Once approved, the Policy Charter provides IS with the business game plan, which it can use as a starting point for developing other deliverables. All these other deliverables should follow the guidance of the game plan. The Hugh-Mongus excerpt, for example, suggests two potential workflows - one to handle electronic fund transfer and another to handle advance payment. It also suggests some data requirements (i.e,. payment, supplier, bank accounts, etc.).

"In a system development project, all deliverables must follow the constraints put forward by the game plan."

In a system development project, all deliverables must follow the constraints put forward by the game plan. The automatable policies must be translated to implementable rules for system implementation. The ideal implementation platform is for these core business rules to be implemented in a rule engine in which they can stay truly independent of process and the database.

Conclusion

The business rule approach is exciting because it provides the opportunity to satisfy both IS and the business. Business Tactics Capture, with its focus on business knowledge, provides the critical link between IS and the business community. The deliverable of Business Tactics Capture is the Policy Charter.

Business Tactics Capture represents a new communication channel between IS and the business community. This opens up endless opportunities for IS to put technology more in-line with the business, and to capture business knowledge. This corrects approaches to IT in which there has been little or no business involvement. It also brings us closer to John Zachman's vision_ that the system is the business.

"The Policy Charter is business-friendly. It provides the business community with a short, structured and concise document that expresses the business essentials of an IS project."

The Policy Charter is business-friendly. It provides the business community with a short, structured and concise document that expresses the business essentials of an IS project. This gives the project sponsor(s) the understanding necessary to control, manage and make decisions about the project as other, more detailed deliverables subsequently are developed.

Under Business Tactics Capture, policies that previously might have been ignored or put together crudely now can be developed and captured methodically. An executive or a project sponsor, who is not at all interested in other types of deliverables, is naturally quite interested in the business policies that the system will implement and support.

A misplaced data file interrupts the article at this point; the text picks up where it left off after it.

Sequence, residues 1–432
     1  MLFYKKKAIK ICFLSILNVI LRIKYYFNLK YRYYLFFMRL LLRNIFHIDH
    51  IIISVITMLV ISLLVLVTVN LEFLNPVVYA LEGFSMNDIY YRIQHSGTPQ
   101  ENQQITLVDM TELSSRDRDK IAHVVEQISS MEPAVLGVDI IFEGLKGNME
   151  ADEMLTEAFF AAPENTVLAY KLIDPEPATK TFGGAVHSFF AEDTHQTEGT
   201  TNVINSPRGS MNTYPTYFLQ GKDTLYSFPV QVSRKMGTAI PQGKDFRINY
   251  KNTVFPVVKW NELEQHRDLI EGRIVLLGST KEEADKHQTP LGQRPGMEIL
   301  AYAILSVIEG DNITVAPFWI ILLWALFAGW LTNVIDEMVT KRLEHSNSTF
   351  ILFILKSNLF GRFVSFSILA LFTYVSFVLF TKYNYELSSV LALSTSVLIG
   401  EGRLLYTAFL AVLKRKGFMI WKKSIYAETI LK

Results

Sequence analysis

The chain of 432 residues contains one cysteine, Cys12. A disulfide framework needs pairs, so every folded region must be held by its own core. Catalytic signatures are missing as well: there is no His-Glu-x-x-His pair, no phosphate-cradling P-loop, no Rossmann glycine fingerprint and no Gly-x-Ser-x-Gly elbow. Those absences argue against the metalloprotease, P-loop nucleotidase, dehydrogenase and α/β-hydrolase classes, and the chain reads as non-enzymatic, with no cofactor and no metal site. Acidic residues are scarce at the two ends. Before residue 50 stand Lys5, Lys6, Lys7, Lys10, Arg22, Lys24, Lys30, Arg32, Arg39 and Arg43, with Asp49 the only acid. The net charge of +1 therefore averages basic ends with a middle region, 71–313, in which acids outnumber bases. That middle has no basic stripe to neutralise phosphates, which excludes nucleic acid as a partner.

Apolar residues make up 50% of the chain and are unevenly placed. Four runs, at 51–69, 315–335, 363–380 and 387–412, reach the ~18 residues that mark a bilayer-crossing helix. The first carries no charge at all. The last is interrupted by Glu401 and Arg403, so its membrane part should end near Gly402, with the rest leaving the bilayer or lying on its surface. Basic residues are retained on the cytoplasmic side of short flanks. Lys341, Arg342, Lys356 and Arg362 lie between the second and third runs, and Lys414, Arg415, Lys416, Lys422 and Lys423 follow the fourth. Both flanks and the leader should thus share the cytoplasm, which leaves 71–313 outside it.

That interest is really the bottom line. You can work for days on a clear definition of ORDER, but will it provoke any real interest? Not likely. How about a slick GUI screen design? You may get some momentary oohs-and-aahs, but that's probably the end of it. On the other hand, if the business community reads a policy defined as "an order must not be over $1,000," this is sure to produce rapid-fire questions. Now! That crucial business connection between IS and the business finally has been established

1998, Gladys S.W. Lam

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Standard citation for this article:


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Gladys S.W. Lam , "Business Knowledge ~ Packaged in a Policy Charter: Policy Charter as a Deliverable" (May/Jun. 1998)
URL: http://www.brcommunity.com/a1998/a385.html

About our Contributor:


Gladys  S.W. Lam
Gladys S.W. Lam Co-Founder & Principal, Business Rule Solutions, LLC , Publisher, Business Rules Journal , and Executive Director, Building Business Capability

Gladys S.W. Lam is a world-renowned authority on applied business rule techniques. She is Principal and Co-Founder of Business Rule Solutions, LLC (BRSolutions.com), the most recognized company world-wide for business rules and decision analysis. BRS provides methodology, publications, consulting services, and training. Ms. Lam is Co-Creator of IPSpeak, the BRS methodology including RuleSpeak®, DecisionSpeak and TableSpeak. She is Co-Founder of BRCommunity.com, a vertical community for professionals and home of Business Rules Journal. She co-authored Building Business Solutions, an IIBA® sponsored handbook on business analysis with business rules.

Ms. Lam is widely known for her lively, pragmatic style. She speaks internationally at conferences, public seminars and other professional events. She is also Executive Director of Building Business Capability (BBC) Conference, which includes the Business Rules & Decisions Forum and the Business Analysis Forum.

Ms. Lam is a world-renowned expert on business project management, having managed numerous projects that focus on the large-scale capture, analysis and management of business rules. She advises senior management of large companies on organizational issues and on business solutions to business problems. She has extensive experience in related areas, including BPM, structured business strategy, and managing and implementing information systems.

Ms. Lam is most recognized for her ability to identify the source of business issues, and for her effectiveness in developing pragmatic approaches to resolve them. She has gained a world-class reputation for fostering positive professional relationships with principals and support staff in projects. Ms. Lam graduated from the University of British Columbia with a B.S. in Computer Science.